Organisations need to adapt to the New Normal of recession and turbulence to survive, Keynote speakers told a conference on HR at Middlesex University on May 25.
The Conference, From Recession to Recovery: Maximising HR’s contribution, heard from both David Fairhurst, McDonald’s Chief People Officer and Jackie Orme, Chief Executive of the Chartered Institute of Professional Development (CIPD), about how HR can influence organisational survival and performance in turbulent times.
Jackie said: “I thought recession to recovery would be a good name for the conference when I was asked in January. Five months later I wouldn’t talk about recession to recovery, it doesn’t feel like we are in recovery yet, I spoke about the New Normal. The New Normal is lower levels of growth, higher tax and poorer levels of public provision.”
Among the topics Jackie tackled were the great gains made in working practices in the last 15 years in terms of flexible working and employee commitment, the risk these gains would start to slip because of the turbulent economy and how to address this issue.
Closing the conference with his Keynote speech, David said the New Normal was the turbulence of the past two years and talked about how HR practitioners could help organisations “survive and thrive” in this context.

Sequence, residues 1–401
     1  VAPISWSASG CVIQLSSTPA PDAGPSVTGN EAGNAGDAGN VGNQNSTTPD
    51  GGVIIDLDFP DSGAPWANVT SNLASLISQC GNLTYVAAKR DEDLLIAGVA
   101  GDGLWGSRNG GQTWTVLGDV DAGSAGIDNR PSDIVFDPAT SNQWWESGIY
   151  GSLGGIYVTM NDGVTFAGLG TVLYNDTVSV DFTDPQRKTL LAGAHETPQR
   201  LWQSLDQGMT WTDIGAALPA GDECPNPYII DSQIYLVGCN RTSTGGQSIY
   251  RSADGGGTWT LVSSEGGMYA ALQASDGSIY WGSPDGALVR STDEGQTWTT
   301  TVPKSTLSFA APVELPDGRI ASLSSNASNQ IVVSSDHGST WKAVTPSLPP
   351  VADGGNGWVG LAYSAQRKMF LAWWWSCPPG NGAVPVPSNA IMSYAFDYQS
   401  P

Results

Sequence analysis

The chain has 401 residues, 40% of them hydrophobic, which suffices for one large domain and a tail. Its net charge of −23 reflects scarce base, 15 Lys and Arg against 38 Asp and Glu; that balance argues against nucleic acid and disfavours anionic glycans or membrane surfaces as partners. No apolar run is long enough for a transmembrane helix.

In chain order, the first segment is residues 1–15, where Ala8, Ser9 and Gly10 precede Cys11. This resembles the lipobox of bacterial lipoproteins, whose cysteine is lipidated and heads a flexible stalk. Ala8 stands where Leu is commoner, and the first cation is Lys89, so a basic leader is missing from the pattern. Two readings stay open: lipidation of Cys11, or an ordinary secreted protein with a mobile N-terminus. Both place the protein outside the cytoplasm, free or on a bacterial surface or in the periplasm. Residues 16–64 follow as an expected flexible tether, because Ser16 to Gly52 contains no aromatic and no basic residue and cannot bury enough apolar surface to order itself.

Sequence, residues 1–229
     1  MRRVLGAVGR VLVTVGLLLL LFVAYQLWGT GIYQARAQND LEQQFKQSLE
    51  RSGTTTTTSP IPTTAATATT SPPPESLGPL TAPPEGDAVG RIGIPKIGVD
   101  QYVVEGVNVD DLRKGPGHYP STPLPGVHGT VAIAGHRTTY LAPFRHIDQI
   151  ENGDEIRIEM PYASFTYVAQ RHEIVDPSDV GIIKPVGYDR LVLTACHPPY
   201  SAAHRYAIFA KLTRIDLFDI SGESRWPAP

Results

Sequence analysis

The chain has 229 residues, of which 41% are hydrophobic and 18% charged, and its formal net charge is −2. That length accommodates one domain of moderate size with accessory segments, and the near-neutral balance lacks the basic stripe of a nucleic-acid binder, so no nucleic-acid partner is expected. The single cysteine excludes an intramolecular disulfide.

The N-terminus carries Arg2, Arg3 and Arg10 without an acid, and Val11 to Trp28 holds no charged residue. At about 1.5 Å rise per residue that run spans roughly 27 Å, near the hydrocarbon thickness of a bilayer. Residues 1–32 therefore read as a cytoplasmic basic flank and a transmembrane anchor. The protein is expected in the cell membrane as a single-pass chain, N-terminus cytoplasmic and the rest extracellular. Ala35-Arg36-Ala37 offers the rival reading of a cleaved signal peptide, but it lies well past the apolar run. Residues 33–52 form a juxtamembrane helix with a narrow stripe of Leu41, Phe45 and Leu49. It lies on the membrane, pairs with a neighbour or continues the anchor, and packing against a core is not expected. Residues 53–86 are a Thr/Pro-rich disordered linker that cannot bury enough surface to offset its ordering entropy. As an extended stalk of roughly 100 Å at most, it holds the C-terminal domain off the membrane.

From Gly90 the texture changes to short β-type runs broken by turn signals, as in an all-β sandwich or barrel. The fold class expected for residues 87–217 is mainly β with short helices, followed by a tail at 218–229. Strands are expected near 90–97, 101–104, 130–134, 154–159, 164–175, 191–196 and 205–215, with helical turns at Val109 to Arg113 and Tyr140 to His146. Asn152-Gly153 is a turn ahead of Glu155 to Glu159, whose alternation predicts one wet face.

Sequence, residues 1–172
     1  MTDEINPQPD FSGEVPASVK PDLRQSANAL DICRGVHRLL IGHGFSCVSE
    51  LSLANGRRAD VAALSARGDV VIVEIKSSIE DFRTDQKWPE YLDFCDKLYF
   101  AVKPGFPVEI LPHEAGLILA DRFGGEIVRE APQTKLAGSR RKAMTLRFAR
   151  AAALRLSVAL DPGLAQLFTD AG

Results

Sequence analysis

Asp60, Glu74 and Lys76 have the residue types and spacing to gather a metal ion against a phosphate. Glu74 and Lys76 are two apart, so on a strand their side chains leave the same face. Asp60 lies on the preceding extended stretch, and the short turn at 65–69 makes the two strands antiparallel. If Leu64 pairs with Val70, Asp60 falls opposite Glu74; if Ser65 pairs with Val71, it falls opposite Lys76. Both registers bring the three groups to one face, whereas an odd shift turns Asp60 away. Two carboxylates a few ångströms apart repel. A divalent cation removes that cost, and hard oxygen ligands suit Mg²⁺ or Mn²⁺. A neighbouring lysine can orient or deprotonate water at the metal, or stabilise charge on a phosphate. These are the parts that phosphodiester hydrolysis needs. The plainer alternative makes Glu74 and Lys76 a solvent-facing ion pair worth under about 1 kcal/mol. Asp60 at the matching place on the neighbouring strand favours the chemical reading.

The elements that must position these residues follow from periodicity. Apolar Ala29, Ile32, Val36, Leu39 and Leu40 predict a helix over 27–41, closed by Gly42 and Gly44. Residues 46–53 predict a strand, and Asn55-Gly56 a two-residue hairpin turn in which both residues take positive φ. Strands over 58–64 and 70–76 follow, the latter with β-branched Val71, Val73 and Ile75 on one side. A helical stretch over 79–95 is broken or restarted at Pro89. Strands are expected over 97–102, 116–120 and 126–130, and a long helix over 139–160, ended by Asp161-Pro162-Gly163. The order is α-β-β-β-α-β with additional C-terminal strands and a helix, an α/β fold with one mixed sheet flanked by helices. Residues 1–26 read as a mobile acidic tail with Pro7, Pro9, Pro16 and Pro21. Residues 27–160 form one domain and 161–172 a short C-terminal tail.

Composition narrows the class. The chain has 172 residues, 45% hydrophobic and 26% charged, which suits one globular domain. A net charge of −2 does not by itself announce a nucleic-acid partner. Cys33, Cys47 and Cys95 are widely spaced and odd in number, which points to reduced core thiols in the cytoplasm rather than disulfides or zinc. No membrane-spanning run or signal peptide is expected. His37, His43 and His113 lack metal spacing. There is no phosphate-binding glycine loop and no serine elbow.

David talked about the need for leaders to reconcile the needs of all sorts of groups, including the “silent stakeholder”, the environment, and, in the absence of any right answers, to identify the best answers with “speed and agility”, working collaboratively with staff.
The one-day conference, held jointly by Middlesex and the CIPD North London Branch, also included input from HR managers and experts from DEFRA, Cambridgeshire County Council and Nationwide. Middlesex professors added insights from their their research during the five seminars which focused on lessons from the public sector, new approaches to reward, managing talent more effectively, greening the organisation and engaging hearts and minds.
Susie Leigh, a senior lecturer at Middlesex and branch committee member who organised the conference said that the high calibre of the speakers was a major factor in making the conference so successful.